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The Coming Man: 19th Century American Perceptions of the Chinese ePub download

by Lorraine Dong,Philip P. Choy,Marlon K. Hom

  • Author: Lorraine Dong,Philip P. Choy,Marlon K. Hom
  • ISBN: 0295974532
  • ISBN13: 978-0295974538
  • ePub: 1417 kb | FB2: 1438 kb
  • Language: English
  • Category: Americas
  • Publisher: Univ of Washington Pr; 1st University of Washington Press paperback ed edition (June 1, 1995)
  • Pages: 178
  • Rating: 4.6/5
  • Votes: 231
  • Format: azw docx mbr mobi
The Coming Man: 19th Century American Perceptions of the Chinese ePub download

They were welcomed to come to help as cheap labor in developing the West Coast. They contributed greatly in railroad building for the West commerce and development. The California mood changed with Denis Kearney's "Chinese must go" campaign rally. We get a glimpse into the political/racial climate of 19th century America through cartoons and illustrations of the period. The Chinese were seen either as heathens to be spit upon or superintelligent monsters threatening the livelyhood of "real" Americans.

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By displaying various illustrations and cartoons that were in circulation within American magazines and newspapers, Author Philip Choy exposes the treatment and perceptions of Asian immigrants during the 19th century.

By displaying various illustrations and cartoons that were in circulation within American magazines and newspapers, Author Philip Choy exposes the treatment and perceptions of Asian immigrants during the 19th century. By being able to examine the political cartoons and anti asian propaganda that was circulated by American media, we are able to see that Asians were perceived negatively in during the 19th and early 20th century. 2. Hom, Marlon K. Songs of Gold Mountain: Cantonese Rhymes From San Francisco Chinatown. Berkeley: University of California Press, 1987.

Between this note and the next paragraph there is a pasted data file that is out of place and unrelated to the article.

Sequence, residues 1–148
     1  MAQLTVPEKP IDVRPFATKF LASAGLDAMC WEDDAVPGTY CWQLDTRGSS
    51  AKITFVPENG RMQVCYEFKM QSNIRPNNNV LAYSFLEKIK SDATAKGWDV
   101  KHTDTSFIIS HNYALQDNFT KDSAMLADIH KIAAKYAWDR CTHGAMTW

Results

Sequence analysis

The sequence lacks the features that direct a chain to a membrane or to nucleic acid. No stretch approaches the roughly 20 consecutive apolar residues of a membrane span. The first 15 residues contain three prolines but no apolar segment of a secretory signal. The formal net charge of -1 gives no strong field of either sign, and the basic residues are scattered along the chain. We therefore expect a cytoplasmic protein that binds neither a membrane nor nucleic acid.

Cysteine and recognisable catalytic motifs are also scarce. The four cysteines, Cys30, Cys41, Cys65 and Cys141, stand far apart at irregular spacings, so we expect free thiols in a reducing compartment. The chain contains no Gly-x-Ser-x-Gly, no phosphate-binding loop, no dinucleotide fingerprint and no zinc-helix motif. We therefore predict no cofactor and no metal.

Wicked: The Life and Times of the Wicked Witch of the West. The Perks of Being a Wallflower. The Screwtape Letters.

19th Century American Perceptions of the Chinese. University of Washington Press Seattle and London. The coming of the Chinese to America about one hundred and forty years ago is part of a complex economic relationship between China and America. This influx became the focal point for America's ensuing foreign and domestic policies that often contlicted with each other, with the United States usually holding the upper hand.

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The Chinese of America Chen, Jack. Harper & Row, 1980. A History of the Chinese in California Chinn, Thomas . Mark Lai Him, Philip P. Choy, Eds. Bridging the Pacific, San Francisco Chinatown and Its People Chinn, Thomas W. Chinese Historical Society of America, 1989. The Coming Man: 19th Century American Perceptions of the Chinese Choy, Philip . Lorraine Dong, Marlon K. Hom, Eds. Joint Publishing (. Chinese Historical Society of America, 1969. The Chinese in San Francisco, A Pictorial History Dicker, Lavern Mau. Dover Publications, In. 1979.

Choy, Philip . Lorraine Dong, and Marlon K. Hom. Coming Man: 19th Century American Perceptions of the Chinese. Berkeley: University of California Press, 1987